Programming language



Paradigm Multi-paradigm: event-driven, functional, imperative, object-oriented programming
Designed by Brendan Eich of Netscape initially; others have also contributed to the ECMAScript standard
First appeared December 4, 1995; 26 years ago
Stable release ECMAScript 2021 / June 2021; 7 months ago
Preview release ECMAScript 2022 / 22 July 2021; 6 months ago
Typing discipline Dynamic, weak, duck
Filename extensions .js.cjs.mjs
Major implementations V8, JavaScriptCore, SpiderMonkey, Chakra
Influenced by Java, Scheme, Self, AWK, HyperTalk
Influenced ActionScript, AssemblyScript, CoffeeScript, Dart, Haxe, JS++, Objective-J, Opa, TypeScript


JavaScript often abbreviated JS, is a programming language that is one of the core technologies of the World Wide Web, alongside HTML and CSS. Over 97% of websites use JavaScript on the client side for web page behavior, often incorporating third-party libraries. All major web browsers have a dedicated JavaScript engine to execute the code on users' devices.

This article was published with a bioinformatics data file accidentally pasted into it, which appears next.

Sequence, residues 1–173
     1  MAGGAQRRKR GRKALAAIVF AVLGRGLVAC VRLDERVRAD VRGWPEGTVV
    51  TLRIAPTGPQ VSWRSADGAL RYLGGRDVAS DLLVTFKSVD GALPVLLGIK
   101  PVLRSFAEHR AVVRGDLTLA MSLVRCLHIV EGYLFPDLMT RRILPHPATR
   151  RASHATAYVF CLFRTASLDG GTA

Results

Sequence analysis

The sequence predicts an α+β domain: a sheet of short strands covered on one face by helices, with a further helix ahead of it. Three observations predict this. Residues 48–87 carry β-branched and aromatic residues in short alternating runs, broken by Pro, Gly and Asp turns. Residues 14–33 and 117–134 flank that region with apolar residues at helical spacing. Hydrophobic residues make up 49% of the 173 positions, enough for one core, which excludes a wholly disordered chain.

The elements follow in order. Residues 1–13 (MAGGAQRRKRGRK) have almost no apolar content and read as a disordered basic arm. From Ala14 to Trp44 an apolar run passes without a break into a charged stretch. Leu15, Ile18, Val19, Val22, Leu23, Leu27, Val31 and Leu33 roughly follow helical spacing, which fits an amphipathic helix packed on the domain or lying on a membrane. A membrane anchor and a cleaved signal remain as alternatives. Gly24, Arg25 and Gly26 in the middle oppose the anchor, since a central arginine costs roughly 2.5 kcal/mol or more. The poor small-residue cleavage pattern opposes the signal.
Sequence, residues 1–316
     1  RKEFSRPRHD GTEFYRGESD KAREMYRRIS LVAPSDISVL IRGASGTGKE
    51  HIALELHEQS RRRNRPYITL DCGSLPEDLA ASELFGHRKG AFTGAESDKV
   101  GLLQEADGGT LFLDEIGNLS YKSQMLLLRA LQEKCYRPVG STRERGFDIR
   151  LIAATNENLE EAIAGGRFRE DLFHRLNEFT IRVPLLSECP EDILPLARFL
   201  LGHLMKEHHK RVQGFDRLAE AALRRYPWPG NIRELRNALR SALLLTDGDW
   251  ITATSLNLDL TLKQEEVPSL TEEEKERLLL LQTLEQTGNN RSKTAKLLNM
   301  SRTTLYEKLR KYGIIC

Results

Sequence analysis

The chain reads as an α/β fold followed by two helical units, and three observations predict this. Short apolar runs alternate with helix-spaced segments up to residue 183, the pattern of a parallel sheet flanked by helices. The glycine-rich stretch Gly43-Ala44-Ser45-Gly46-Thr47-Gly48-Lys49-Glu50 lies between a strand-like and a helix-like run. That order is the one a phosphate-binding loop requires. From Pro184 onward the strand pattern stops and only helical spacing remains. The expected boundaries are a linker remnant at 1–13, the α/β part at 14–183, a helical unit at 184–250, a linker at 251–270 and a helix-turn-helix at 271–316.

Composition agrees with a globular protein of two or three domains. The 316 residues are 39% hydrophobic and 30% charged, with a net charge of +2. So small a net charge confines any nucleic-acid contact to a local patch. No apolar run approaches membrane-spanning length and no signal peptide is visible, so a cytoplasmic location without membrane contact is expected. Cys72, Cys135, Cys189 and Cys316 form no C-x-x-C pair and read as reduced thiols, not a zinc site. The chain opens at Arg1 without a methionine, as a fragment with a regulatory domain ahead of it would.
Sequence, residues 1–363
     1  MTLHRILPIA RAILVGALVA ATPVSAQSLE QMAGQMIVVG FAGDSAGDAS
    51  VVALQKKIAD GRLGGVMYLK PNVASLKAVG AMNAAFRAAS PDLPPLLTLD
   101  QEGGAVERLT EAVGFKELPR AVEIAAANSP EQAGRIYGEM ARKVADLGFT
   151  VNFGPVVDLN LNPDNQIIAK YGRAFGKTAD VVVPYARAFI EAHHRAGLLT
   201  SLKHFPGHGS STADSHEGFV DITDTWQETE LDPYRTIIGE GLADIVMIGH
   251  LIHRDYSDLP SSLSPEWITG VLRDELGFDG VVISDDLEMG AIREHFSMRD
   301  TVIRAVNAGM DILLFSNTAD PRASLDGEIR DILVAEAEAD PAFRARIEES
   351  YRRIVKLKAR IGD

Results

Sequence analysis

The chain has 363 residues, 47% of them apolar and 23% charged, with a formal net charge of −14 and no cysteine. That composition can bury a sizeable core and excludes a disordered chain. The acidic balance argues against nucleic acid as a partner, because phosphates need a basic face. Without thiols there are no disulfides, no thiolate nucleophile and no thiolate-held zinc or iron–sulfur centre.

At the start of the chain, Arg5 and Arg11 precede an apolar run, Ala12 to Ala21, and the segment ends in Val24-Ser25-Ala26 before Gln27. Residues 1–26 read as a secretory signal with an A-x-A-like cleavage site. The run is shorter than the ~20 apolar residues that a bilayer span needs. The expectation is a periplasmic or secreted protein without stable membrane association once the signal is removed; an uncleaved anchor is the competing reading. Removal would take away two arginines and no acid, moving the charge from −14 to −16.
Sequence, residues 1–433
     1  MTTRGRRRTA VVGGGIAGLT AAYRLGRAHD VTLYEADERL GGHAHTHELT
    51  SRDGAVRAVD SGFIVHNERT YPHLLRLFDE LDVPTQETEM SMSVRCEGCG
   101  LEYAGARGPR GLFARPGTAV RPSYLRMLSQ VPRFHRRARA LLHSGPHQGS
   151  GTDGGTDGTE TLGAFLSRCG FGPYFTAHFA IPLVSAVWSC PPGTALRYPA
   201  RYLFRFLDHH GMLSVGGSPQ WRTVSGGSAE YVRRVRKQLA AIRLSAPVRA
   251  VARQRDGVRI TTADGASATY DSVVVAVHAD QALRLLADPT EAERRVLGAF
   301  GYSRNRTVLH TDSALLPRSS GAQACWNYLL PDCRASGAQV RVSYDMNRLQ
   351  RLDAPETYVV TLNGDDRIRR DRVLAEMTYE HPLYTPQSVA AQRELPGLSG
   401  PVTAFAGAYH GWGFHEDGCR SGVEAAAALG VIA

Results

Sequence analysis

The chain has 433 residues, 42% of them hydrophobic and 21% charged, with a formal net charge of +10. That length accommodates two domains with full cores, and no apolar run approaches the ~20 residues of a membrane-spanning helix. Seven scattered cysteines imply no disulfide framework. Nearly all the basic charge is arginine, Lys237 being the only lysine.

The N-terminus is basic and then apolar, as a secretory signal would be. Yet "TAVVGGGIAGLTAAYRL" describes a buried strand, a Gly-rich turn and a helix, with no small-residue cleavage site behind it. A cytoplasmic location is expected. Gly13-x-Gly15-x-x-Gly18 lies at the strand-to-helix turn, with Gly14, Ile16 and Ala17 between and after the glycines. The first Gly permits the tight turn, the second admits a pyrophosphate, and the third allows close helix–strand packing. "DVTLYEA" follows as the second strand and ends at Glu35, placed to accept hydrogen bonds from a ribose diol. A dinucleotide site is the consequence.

JavaScript is a high-level, often just-in-time compiled language that conforms to the ECMAScript standard. It has dynamic typing, prototype-based object-orientation, and first-class functions. It is multi-paradigm, supporting event-driven, functional, and imperative programming styles. It has application programming interfaces (APIs) for working with text, dates, regular expressions, standard data structures, and the Document Object Model (DOM).

The ECMAScript standard does not include any input/output (I/O), such as networking, storage, or graphics facilities. In practice, the web browser or other runtime system provides JavaScript APIs for I/O.

JavaScript engines were originally used only in web browsers, but are now core components of some servers and a variety of applications. The most popular runtime system for this usage is Node.js.

Although Java and JavaScript are similar in name, syntax, and respective standard libraries, the two languages are distinct and differ greatly in design.